INDONESIA: Indonesian investigators works on Garuda crash site and clean up all the belongings from area after the crash killed more than 20 people. Australian survivors share tales of their survivalRecord ID: 382651
- Title: INDONESIA: Indonesian investigators works on Garuda crash site and clean up all the belongings from area after the crash killed more than 20 people. Australian survivors share tales of their survival
- Date: 10th March 2007
- Summary: (BN06) YOGYAKARTA, CENTRAL JAVA, INDONESIA (MARCH 10, 2007) (REUTERS) PLANE CRASH SITE BLOCKED BY POLICE LINE VARIOUS OF PLANE ENGINE AND TAIL MORE OF CRASH SITE WITH FLOWER BOUQUET IN FRONT SOLDIER AND A CHILD WATCHING PLANE WRECK MORE OF SITE VARIOUS OF PEOPLE CARRYING PASSENGER BELONGINGS
- Reuters ID: LVAC18NOPY5VD5RG1BPD5FO3HGR8
- Location: Indonesia
- Country: Indonesia
- Duration: 00:00:52
- Topics: Disasters / Accidents / Natural catastrophes
- Story Text: Indonesian investigators continued to work on the Garuda crash site on Saturday (March 10) for more evidence and cleared up cargo and luggage from the area, after a landing accident killed more than 20 people last week.
Investigators have found the plane's black box which has been sent to Australia so important flight data can be retrieved. Indonesian police say early signs suggest human error.
The main front left exit of an Indonesian plane that crashed this week failed to open after landing, preventing some of the passengers from escaping. Most survivors were from the coach class who exited from the back left door while some passengers, including those from the front seats, used the left over wing exits.
The senior investigator from National Commissions on Safety Transportation Frans Wenas said: "The construction of a plane changes after impact-- this led to the exit door failing from opening after landing-- preventing some of the passengers from escaping. It's all been confirmed by the cabin crew that the main front left exit could not open."
The pilot and co-pilot survived without major injuries but have not been interrogated yet because they are still in shock.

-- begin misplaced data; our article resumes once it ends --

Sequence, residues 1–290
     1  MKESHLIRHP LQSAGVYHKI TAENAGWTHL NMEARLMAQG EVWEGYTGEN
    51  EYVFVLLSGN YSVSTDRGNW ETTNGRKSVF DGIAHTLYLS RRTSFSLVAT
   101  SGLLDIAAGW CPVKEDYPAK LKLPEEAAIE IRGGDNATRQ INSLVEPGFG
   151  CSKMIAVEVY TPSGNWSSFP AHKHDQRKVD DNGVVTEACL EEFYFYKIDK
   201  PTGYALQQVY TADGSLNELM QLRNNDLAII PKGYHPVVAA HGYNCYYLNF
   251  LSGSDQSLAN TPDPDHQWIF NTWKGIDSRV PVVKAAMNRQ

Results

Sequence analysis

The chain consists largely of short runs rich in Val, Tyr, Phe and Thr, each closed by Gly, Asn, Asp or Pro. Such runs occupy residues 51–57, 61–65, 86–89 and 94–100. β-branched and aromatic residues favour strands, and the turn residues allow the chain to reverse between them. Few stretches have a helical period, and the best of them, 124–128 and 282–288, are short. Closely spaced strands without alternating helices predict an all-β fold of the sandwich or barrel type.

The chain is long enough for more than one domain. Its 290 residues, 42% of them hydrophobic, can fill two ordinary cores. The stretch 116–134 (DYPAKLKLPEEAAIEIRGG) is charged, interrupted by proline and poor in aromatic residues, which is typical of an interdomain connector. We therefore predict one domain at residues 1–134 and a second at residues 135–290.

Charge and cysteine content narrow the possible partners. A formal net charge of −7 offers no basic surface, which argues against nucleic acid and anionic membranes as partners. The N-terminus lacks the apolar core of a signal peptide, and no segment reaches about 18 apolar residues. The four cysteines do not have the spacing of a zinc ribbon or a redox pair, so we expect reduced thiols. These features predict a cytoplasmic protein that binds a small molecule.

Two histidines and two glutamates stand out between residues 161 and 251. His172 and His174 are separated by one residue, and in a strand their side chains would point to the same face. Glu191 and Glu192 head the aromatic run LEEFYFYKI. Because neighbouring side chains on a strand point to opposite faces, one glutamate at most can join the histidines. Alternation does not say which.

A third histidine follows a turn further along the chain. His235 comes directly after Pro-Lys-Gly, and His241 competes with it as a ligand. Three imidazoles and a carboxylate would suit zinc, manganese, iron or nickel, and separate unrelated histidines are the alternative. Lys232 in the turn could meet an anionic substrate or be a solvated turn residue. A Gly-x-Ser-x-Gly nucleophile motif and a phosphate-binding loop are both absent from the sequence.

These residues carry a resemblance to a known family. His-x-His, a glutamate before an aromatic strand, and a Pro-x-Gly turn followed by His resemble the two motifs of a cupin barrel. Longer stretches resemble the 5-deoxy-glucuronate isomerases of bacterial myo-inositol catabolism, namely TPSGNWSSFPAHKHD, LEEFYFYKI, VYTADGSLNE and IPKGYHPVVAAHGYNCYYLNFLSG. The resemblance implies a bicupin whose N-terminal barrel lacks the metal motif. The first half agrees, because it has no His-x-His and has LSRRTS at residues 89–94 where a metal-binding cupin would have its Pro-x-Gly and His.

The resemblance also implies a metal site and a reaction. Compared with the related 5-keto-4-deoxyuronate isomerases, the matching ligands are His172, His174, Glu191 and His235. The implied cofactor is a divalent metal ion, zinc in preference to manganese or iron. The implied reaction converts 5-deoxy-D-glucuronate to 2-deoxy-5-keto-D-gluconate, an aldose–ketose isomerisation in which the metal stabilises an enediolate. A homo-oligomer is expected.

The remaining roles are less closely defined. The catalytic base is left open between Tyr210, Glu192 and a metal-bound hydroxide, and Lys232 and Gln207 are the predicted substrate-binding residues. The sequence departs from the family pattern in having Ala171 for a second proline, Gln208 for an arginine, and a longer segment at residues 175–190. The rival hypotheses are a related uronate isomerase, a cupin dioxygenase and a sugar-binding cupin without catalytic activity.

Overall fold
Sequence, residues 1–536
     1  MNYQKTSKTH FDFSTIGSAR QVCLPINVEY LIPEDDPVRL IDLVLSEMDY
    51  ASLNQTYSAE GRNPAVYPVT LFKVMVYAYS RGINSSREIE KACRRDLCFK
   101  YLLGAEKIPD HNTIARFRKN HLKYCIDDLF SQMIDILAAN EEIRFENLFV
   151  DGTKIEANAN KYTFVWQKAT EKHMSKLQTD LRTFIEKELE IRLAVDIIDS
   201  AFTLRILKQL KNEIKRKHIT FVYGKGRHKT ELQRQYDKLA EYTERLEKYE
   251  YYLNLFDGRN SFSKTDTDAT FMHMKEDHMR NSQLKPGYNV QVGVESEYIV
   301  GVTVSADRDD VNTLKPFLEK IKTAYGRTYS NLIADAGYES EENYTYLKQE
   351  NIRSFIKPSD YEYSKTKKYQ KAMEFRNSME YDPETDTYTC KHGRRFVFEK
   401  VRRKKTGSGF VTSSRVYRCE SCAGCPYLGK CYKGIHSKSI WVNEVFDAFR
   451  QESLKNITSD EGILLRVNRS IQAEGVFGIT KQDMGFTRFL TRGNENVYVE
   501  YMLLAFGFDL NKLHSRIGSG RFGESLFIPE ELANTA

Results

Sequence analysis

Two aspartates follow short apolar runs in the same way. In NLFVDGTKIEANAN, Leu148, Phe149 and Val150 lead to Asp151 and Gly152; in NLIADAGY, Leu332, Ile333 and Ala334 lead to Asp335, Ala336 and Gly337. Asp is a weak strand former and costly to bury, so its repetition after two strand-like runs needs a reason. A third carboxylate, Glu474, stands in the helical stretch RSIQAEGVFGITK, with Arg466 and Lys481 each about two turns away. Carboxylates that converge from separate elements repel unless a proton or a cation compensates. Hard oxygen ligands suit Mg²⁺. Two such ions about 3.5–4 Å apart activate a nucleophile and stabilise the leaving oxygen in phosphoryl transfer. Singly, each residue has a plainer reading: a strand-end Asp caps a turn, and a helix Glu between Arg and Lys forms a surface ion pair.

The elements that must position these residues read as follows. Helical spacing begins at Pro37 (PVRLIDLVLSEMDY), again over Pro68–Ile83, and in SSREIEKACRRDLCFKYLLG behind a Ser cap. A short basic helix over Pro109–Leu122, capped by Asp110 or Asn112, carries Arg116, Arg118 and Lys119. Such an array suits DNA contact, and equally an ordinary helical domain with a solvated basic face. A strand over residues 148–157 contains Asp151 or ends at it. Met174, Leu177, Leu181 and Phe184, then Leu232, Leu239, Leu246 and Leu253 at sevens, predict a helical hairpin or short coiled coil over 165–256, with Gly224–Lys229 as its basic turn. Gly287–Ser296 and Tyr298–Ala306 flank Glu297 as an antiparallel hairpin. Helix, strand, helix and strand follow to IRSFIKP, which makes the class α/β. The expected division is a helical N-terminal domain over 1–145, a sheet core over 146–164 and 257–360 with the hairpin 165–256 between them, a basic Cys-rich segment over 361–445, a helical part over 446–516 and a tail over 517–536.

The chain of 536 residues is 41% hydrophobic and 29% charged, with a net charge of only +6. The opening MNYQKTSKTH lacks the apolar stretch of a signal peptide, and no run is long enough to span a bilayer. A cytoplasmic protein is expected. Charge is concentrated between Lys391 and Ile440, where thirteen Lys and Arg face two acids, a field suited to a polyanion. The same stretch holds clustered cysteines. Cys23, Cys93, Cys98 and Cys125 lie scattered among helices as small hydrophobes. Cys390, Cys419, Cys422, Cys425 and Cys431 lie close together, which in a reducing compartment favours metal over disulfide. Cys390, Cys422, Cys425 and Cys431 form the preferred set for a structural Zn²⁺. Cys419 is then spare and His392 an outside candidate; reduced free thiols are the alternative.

Aviation experts say Garuda's safety record has improved in recent years, especially after a 1997 accident on Sumatra island which killed all 234 on board.
The only deadly accident between that and Wednesday's crash was an emergency landing in a Java river which killed one crew member in 2002.
Yogyakarta, around 440 km (270 miles) southeast of Jakarta, is known as the cultural heart of Indonesia and is popular with tourists. Its Adisucipto airport is known for its short runway.
Indonesia has suffered a string of transport accidents in recent months, including an Adam Air plane that disappeared in January with 102 passengers and crew on board and a ferry sinking in late December in which hundreds died.
There has been no apparent drop in air transport demand although Indonesia has suffered two deadly plane accidents in less than three months.
Two Australian airforce workers who survived a plane crash in Indonesia talked to the media about their ordeal after they were discharged from hospital on Friday (March 9).
The ill-fated flight that crashed on Wednesday was carrying 133 passengers and seven crew when it crashed after a scheduled flight from Jakarta.
The airline and other sources have been giving slightly different figures on the number of dead, ranging from 20 to 23.
Four Australians were among the dead. No official finding has been announced on the accident's cause, but transport investigators have descended on Yogyakarta. ENDS.
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